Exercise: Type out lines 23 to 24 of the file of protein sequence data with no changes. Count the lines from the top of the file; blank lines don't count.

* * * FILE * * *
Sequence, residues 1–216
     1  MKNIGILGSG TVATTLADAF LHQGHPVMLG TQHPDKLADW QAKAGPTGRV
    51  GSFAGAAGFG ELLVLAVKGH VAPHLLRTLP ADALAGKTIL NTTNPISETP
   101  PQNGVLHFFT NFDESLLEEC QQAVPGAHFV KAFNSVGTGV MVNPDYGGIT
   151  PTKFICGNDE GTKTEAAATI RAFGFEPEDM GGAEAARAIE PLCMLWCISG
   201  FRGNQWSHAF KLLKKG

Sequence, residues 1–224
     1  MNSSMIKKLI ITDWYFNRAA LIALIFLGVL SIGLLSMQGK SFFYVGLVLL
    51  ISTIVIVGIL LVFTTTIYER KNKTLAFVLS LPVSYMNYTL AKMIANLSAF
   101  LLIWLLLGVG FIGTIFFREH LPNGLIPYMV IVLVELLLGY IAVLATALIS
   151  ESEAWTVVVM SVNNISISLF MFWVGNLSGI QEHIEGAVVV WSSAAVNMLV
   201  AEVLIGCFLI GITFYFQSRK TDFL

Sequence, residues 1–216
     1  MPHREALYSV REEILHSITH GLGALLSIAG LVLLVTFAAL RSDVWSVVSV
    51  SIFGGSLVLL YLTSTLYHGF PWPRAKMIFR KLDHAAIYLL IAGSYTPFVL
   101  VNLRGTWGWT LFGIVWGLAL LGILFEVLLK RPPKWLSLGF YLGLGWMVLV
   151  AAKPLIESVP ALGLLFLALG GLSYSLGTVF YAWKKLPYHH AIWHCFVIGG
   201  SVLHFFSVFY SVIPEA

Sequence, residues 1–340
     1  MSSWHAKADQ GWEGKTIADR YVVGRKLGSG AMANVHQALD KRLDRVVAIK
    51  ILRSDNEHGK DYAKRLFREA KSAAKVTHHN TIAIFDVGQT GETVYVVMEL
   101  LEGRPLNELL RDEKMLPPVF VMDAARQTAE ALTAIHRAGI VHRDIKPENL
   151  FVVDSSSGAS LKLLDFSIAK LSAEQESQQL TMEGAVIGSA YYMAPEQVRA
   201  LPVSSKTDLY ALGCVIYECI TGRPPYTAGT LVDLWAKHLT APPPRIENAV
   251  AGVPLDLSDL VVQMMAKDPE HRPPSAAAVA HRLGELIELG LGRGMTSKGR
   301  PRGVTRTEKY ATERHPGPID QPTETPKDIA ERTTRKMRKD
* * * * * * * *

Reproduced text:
   151  FVVDSSSGAS LKLLDFSIAK LSAEQESQQL TMEGAVIGSA YYMAPEQVRA
   201  LPVSSKTDLY ALGCVIYECI TGRPPYTAGT LVDLWAKHLT APPPRIENAV